Opinion, advice, and analysis by the TNW community

Mixed reality is perfect for our innate multitasking habits

Keep an eye out for the potential of spatial computing.

Jared Ficklin
Story by
Jared Ficklin

Chief Creative Technologist, argodesignJared is a designer and technologist with two decades of experience creating products and visions for major companies. He spent 14 years of his career at frog design contributing to the visions, strat… (show all) Jared is a designer and technologist with two decades of experience creating products and visions for major companies. He spent 14 years of his career at frog design contributing to the visions, strategy, intellectual property, and products of clients including HP, Microsoft, AT&T, LG, SanDisk, and Motorola. His work integrating technology into the design process at frog led him to be named one of 4 frog fellows. Jared is an evangelist and co-creator of the cable car-based mass transport vision known as The Wire, and was the first to bring live fire to the TED stage. He speaks internationally as a creative technologist and futurist.

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Jared Ficklin will be speaking at TNW2020, October 1 & 2, where the latest trends and emerging best practices in product design will be explored. Secure your online ticket now.

Each day I, like many others, sit with my laptop or smartphone and open a collection of apps. Throughout the day I change that collection, closing some and opening others. I focus, refocus, arrange and rearrange them constantly. Each time I am effectively assembling software into some imagined workflow, and workflows are the engine of modern productivity.

The feature I am using to set up the workflows is a largely hidden one that as designers we call ‘Multitask Computing.’ It’s most commonly part of the platform operating system. Multitasking is why people still own laptops and why designers work very hard to add new cross-app features to our handheld mobile computers.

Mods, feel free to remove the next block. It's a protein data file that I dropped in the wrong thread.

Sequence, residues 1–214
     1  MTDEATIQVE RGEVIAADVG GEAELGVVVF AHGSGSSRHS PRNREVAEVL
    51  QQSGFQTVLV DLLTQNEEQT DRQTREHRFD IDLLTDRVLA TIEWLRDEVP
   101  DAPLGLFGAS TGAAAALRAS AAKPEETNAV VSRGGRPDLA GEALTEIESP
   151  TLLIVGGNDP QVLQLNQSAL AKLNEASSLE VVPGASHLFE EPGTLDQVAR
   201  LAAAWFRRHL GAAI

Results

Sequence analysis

When it comes to inventing, optimizing, and mastering workflows, humans are perfectly suited to the task of assembling technologies in ways that augment their human capability. Biologically, it’s how our mind works and how in evolution we bested larger, stronger cousins who possessed better ways to sense their surroundings. 

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So naturally I’ll frequently visit an app store to find a new app perfectly suited to improve some part of a workflow. There is an often talked-about trend that we are moving away from the app economy. The friction of finding an app is staggering the costs of app store monopolies, which are getting litigious and may lead to regulation. But be sure the app economy is safely protected by the infinite workflows that it improves.

But there are also areas where monolithic software is seeking to capture entire workflows. argodesign (where I am a founding partner) is currently working on software with DreamWorks to improve the process of movie making. We have done similar work for other large companies wishing to consolidate the cruft of many apps that represent a workflow into a more streamlined experience. 

Fields that have developed specialized workflows can be improved with consolidation. But this is niche and even then, these consolidations often reveal their own pattern of multitasking — like the many modules and marketplaces of Salesforce.

It’s clear however that our attempts at improving workflows are a signal both of their value and also that the current patterns of multitasking are reaching an edge…

Credit: Albert Hsieh
Pokémon Go was the first AR experience to really the general public, but Spatial Computing can go so much further.

Multitasking in a new hybrid world

To continue to improve workflow we need to improve multitasking itself. Spatial Computing offers us a way past that edge into new more effective patterns of multitasking. 

Increasingly, with the help of wearable mobile computers, like the Magic Leap One, my digital lifestyle is joining me in the real world. We are a strategic design partner for Magic Leap, and their device is creating a new pattern of computing that advances the power of multitask computing by creating new ways to assemble software into workflows. This promises to magnify the impact of computing in a very human way.